Practice tip: 3-D Breathing for Back Pain

A student emailed me this morning to say, “I just wanted to let you know that the three-dimensional breathing technique you taught me saved my back yesterday.”

3-D breathing, adapted from Betsy Polatin’s wonderful new book, The Actors Secret, helps you experience optimal movement of the ribs and torso during breath.

Try 3-D breathing:

1. Front to back dimension: Place a hand on your belly and a hand on your low back. You will naturally feel your belly expand and deflate as you breathe. You can also feel more subtle movement in your low back. Visualize more of the breath movement happening in your back. This will help widen and relax the back muscles. Do you feel more movement in your back after visualizing?

Next, bring a hand on your sternum and a hand on your back near your shoulder blades. If your shoulders are too tight to easily reach your back, you can place a hand on a friend’s back to feel their breath movement. Yours will be similar.  Remove your hands and sense your own breath movement. Did you know that most of your lung tissue is in the back of your body?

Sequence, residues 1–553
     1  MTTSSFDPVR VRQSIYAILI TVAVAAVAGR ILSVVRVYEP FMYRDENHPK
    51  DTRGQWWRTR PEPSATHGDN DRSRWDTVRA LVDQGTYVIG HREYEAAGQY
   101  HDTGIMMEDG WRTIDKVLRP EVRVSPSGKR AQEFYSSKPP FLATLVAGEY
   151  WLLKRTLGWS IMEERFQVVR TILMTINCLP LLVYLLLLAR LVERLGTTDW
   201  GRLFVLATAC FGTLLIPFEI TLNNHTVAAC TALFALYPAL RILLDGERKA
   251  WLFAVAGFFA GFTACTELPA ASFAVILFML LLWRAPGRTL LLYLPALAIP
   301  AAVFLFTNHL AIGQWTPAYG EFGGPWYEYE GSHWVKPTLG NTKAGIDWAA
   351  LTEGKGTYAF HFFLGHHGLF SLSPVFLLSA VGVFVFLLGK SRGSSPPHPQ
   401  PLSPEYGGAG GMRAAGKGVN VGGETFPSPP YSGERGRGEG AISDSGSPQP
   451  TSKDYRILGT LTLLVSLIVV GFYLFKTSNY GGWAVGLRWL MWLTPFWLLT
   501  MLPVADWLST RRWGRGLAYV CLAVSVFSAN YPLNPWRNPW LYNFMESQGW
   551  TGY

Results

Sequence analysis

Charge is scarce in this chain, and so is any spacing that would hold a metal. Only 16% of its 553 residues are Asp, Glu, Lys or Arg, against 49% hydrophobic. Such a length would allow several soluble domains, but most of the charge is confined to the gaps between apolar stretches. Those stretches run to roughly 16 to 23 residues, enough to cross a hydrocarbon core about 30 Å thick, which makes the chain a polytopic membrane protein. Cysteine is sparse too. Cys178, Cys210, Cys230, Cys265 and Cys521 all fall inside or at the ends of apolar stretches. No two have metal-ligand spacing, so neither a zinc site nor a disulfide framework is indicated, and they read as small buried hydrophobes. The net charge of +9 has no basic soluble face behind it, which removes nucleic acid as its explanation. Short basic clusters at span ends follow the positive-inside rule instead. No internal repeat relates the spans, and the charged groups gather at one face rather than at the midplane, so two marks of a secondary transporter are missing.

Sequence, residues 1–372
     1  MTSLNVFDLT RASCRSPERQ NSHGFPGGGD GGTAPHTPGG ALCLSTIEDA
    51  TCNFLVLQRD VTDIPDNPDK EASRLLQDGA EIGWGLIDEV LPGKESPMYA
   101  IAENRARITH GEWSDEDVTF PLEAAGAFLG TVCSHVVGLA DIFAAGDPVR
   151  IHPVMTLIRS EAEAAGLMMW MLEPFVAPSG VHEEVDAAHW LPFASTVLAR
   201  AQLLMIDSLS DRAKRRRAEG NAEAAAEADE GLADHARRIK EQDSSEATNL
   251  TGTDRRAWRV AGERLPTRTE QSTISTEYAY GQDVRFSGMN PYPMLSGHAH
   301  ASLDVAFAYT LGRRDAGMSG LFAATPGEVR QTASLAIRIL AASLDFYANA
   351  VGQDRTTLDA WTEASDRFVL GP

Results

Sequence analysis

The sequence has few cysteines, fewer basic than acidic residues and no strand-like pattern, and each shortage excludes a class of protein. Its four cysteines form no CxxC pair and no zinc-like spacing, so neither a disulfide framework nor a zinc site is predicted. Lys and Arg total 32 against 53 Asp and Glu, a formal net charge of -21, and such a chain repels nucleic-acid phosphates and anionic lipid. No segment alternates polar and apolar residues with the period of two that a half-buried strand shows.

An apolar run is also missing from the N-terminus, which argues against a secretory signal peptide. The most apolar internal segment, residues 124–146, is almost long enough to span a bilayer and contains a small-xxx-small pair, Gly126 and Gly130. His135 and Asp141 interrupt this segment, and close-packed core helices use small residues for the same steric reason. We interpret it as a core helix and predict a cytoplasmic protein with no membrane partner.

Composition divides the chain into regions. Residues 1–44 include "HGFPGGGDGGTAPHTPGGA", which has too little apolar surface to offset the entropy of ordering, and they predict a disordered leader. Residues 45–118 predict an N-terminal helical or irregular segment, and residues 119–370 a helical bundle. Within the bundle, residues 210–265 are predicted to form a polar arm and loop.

2. Side to side dimension: Place your hands as comfortably as you can on your side ribs. Feel the horizontal expansion of your ribs as you inhale. Feel the deflation of your ribs as you exhale. Stay for a few breaths. Remove your hands and sense your rib motion.

3. Bottom to top dimension: Place a hand above your collar bone on your uppermost rib (yes, there’s a rib above your collar bone!). Place a hand below your sit bone or at your perineum. Feel the rise of the upper ribs, and the fall of your pelvic floor as you inhale. As you exhale, you may feel the pelvic floor rise and the spine lengthen upwards. If you can’t sense anything at first, take a few big breaths as if you were at the doctor’s office. Once you get the feeling, breathe normally. Then remove your hands and sense the movement.

Which dimensions of breathing are familiar to you? Which do you use rarely?

Does the act of noticing your breathing automatically improve the quality? Is your breath smoother, deeper, or easier in any way?

In your day-to-day life, start by sensing one breath dimension at a time. Can you sense your breath while talking on the phone, eating, or texting?


Body Project Blog: Where Thought is the Active Ingredient.